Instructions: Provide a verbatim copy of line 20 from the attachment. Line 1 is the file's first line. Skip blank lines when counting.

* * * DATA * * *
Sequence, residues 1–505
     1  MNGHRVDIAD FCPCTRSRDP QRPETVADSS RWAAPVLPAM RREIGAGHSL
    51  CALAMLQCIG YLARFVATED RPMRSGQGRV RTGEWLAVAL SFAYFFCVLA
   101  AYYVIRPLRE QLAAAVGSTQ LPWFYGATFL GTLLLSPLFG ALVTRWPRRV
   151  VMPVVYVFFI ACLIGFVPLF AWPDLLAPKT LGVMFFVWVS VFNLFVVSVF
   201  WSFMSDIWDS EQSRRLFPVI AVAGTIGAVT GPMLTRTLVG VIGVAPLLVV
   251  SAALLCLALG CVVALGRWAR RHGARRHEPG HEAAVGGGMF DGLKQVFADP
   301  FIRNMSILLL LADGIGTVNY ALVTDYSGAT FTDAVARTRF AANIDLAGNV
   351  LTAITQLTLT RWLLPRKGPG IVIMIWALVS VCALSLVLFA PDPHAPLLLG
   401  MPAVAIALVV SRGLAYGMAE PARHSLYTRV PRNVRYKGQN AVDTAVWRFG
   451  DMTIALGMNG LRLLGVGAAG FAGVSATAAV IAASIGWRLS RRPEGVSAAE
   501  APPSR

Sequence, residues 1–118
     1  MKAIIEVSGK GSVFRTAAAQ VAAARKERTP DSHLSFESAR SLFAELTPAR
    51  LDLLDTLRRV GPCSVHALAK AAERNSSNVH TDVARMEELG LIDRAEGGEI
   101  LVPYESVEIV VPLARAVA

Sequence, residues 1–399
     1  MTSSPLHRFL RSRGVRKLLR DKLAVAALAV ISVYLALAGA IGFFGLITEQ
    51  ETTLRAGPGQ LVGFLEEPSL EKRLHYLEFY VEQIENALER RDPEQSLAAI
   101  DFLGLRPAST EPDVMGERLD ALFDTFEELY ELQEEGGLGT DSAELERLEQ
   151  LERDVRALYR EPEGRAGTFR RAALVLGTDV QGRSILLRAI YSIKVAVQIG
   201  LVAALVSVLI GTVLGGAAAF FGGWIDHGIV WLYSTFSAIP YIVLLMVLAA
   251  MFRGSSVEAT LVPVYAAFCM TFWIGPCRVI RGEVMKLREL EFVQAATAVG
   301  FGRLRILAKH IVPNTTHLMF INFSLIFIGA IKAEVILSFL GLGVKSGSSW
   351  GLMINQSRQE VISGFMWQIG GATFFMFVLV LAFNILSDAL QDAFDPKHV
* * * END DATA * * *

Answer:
   101  DFLGLRPAST EPDVMGERLD ALFDTFEELY ELQEEGGLGT DSAELERLEQ